May 22 — 12:00 am, 2008

Making sure all students are fed

To the editors:

Having a nutritious daily breakfast is crucial to learning. A hungry child entering school starts the day with a severe handicap. Stomach cramps, headaches, and the apathy caused by hunger are real obstacles to learning.

Community Legal Services, the Greater Philadelphia Coalition Against Hunger, Public Citizens for Children and Youth, and others are working to ensure that all low-income children in the city participate in the School Breakfast Program – the long-standing federal entitlement that makes a nutritious meal available to every low-income child.

There is a proven link between hunger and the capacity to learn. Children from families experiencing food insecurity are two to three times more likely to have emotional, behavioral, and academic problems.

Commendably, the School District recently expanded its free breakfast program to every child in each of its K-8 schools. This move acknowledges both the importance of a nutritional meal at the start of the day and the sad fact that a mere 43,000 out of 146,000 eligible students actually participate in the program.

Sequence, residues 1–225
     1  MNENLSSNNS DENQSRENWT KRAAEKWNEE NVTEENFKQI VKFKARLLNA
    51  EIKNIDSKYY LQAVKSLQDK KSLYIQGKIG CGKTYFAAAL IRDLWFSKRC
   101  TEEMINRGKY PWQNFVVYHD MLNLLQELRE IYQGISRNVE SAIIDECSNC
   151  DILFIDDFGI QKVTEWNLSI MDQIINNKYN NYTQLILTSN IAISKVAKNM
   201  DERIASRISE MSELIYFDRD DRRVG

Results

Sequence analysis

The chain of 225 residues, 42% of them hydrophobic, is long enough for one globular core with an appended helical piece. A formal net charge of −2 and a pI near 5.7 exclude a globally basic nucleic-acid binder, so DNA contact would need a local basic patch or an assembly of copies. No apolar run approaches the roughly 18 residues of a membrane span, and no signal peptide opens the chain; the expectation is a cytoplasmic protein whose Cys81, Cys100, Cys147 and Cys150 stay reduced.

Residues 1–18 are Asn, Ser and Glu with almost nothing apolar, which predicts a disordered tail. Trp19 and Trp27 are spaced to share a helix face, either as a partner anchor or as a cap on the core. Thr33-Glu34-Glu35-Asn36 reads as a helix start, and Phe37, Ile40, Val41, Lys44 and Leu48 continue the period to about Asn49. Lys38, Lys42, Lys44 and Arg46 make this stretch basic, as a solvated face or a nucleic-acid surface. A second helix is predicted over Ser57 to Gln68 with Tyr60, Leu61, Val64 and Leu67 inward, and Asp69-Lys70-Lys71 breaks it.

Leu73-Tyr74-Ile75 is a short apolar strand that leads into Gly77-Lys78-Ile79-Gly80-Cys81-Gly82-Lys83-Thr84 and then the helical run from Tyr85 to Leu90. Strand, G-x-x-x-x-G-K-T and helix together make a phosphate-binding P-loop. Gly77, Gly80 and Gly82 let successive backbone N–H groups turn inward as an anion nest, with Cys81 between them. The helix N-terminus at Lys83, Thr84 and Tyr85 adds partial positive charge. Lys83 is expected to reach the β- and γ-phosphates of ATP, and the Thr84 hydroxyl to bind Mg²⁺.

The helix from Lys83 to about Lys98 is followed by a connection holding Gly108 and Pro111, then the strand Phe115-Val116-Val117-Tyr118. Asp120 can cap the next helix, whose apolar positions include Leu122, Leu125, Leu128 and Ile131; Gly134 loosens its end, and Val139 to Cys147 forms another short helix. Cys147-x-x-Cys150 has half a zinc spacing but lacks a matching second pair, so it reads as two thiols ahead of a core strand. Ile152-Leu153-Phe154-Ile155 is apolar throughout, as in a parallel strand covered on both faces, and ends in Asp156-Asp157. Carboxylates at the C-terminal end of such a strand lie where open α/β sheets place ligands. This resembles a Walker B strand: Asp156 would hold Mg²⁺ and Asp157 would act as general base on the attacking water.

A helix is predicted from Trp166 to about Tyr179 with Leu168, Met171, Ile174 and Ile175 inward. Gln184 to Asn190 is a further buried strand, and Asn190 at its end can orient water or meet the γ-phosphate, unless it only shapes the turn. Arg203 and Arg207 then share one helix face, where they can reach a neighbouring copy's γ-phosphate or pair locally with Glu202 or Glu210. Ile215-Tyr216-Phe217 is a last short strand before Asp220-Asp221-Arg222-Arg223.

A recent national study ranked Philadelphia’s school breakfast participation 16th among 23 large urban school districts – well behind Newark (NJ), Oklahoma City, and Detroit. Surely we can do better in reaching a student population that is 75 percent low-income.

For the 2008-2009 school year, the School District will be one of 11 large, urban districts to participate in the USDA’s School Breakfast Program Expansion Initiative. According to an announcement from the USDA, Philadelphia was chosen “not only for [its] potential to have a significant positive impact on a large number of low-income students, but also for [its] willingness to creatively approach program expansion and dedication to promoting children’s health and education.”

To realize this potential, we need visionary leadership at the highest levels – School District, School Reform Commission, and City government.

Jonathan M. Stein

Sydelle Zove

The writers are general counsel at Community Legal Services and advocate at Greater Philadelphia Coalition Against Hunger, respectively.

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